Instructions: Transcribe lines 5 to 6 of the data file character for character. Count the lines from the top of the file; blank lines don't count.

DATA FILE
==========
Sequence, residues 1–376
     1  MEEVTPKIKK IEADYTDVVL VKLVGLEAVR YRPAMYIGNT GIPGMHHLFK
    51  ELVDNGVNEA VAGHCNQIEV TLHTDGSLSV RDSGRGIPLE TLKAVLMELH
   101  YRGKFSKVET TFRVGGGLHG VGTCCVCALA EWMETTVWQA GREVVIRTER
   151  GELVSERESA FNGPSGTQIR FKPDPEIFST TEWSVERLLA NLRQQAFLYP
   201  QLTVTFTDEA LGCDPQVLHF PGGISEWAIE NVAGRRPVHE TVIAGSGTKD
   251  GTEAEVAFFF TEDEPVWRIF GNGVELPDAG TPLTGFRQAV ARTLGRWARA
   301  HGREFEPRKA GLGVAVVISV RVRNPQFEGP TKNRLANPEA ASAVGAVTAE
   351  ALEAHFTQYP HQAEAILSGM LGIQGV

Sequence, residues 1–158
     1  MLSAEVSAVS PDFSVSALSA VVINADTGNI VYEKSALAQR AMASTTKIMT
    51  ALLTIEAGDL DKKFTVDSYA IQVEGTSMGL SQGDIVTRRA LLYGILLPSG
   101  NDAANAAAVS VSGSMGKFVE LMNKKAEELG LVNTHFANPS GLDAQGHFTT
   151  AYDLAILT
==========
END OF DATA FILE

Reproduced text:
   151  GELVSERESA FNGPSGTQIR FKPDPEIFST TEWSVERLLA NLRQQAFLYP
   201  QLTVTFTDEA LGCDPQVLHF PGGISEWAIE NVAGRRPVHE TVIAGSGTKD